The world-renowned Samite was brought up in Uganda, where his grandfather taught him to play traditional African flute. When he was twelve, a music teacher introduced him to the western flute, setting him on his way to becoming one of East Africa’s most acclaimed flutists. He performed to enthusiastic audiences throughout Uganda until he was forced to flee to Kenya as a political refugee in 1982. Samite immigrated to the United States in 1987, where he began his work as a frequent performing and recording artist and impassioned humanitarian.
In 2002, Samite founded Musicians for World Harmony, an organization dedicated to enabling musicians throughout the world to share their music to promote peace, understanding, and harmony among people. In that capacity he travels to sing, play music, and exchange stories with victims of war, poverty and HIV/AIDS. Over the past 17 years, he has traveled and performed in the war-torn and distressed nations of Uganda, Kenya, Congo, Rwanda, Tanzania, Latvia, Liberia and Cote d’Ivoire to work in refugee camps, with former child soldiers and with AIDS orphans.
Samite has recorded 11 albums to date, most recently Resilience, the music of which is accompanied in live performance by a one-man theatrical show. He also composed and recorded the soundtracks for two films, Taking Root: The Vision of Wangari Maathi and Addiction Incorporated. As a result, the sound of Samite’s smooth vocals, accompanied by kalimba, marimba, litungu, and various flutes has reached and captivated audiences around the world, and led the New York Times to write that “When Samite translated his songs, their serenity seemed almost miraculous.”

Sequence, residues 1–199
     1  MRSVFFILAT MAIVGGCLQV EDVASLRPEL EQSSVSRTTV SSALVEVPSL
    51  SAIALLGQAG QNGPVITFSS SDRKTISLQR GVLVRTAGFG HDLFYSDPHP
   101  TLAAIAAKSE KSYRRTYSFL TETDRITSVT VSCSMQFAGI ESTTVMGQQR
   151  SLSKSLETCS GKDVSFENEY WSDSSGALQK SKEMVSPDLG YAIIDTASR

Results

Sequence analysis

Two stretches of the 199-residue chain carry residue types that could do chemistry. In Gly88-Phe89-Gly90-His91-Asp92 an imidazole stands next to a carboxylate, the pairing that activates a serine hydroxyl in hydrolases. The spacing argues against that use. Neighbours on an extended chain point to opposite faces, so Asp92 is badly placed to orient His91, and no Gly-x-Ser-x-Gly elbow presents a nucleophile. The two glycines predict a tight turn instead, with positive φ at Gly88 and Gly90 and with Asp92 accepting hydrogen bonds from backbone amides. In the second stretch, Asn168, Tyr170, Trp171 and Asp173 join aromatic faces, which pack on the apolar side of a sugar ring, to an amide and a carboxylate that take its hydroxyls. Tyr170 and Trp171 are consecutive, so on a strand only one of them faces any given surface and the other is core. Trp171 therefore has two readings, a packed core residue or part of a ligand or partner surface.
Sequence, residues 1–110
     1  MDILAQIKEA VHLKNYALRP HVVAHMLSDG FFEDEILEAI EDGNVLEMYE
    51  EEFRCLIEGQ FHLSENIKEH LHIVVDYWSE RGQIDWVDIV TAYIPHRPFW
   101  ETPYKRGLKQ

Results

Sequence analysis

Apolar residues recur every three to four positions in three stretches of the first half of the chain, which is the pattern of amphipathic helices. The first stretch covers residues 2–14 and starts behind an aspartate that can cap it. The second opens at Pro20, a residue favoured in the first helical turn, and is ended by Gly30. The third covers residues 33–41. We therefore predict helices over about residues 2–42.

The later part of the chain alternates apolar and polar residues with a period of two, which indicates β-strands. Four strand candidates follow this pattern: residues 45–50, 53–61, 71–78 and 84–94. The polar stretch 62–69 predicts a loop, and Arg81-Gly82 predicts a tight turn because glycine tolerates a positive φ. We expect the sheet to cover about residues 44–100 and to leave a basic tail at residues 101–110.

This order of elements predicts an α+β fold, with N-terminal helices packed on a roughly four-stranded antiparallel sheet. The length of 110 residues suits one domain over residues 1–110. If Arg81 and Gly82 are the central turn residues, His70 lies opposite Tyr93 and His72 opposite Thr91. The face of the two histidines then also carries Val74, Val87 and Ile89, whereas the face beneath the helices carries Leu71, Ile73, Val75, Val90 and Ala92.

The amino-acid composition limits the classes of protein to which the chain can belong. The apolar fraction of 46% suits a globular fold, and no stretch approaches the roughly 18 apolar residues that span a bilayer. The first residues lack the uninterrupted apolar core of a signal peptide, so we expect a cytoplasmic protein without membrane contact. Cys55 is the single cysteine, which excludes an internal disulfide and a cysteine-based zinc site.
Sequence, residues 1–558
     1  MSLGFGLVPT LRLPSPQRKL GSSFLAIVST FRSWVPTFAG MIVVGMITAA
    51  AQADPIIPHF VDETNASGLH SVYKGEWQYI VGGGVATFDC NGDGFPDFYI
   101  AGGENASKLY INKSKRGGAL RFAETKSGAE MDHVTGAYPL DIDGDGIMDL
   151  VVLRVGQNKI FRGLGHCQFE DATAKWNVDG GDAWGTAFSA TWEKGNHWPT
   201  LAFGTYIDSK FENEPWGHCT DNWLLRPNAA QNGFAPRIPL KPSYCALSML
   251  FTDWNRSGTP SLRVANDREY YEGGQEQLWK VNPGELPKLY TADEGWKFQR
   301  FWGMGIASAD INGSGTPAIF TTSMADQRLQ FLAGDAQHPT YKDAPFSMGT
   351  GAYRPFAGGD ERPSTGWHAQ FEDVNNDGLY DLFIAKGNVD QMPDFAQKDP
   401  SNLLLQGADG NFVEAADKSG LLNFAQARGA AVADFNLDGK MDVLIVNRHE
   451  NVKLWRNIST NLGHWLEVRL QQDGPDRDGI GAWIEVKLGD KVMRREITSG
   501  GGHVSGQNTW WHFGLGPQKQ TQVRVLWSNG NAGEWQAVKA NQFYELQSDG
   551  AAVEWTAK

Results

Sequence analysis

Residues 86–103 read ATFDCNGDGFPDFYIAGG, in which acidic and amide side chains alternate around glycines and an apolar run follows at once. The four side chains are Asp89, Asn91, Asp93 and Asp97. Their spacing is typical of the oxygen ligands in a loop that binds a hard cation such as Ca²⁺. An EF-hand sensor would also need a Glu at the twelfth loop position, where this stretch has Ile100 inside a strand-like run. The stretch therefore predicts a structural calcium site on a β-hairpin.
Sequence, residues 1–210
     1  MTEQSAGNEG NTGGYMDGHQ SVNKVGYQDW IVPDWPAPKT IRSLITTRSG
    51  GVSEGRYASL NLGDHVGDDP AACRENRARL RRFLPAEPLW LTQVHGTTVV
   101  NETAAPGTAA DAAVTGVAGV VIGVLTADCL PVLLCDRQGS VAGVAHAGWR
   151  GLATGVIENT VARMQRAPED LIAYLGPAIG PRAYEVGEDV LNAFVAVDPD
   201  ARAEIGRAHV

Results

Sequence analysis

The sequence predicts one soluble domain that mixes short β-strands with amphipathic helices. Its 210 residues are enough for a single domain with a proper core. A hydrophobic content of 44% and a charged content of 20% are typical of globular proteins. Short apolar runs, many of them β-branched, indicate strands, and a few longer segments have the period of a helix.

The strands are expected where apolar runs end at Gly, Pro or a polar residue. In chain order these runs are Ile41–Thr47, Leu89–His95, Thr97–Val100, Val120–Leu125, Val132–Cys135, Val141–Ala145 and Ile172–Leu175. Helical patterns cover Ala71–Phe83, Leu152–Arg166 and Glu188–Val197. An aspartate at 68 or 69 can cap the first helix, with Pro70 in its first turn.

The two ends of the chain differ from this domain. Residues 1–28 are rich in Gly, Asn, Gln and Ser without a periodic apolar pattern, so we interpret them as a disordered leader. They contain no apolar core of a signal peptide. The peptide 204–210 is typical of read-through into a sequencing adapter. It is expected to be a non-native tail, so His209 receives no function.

Samite’s performance is funded in part by the Expeditions program of the New England Foundation for the Arts, made possible with funding from the National Endowment for the Arts, with additional support from the six New England state art agencies.
“Samite wraps his warm voice around melodies that seem to rise up off the Ugandan plateau, caressed by his kalimbas and other native instruments.” ~ BILLBOARD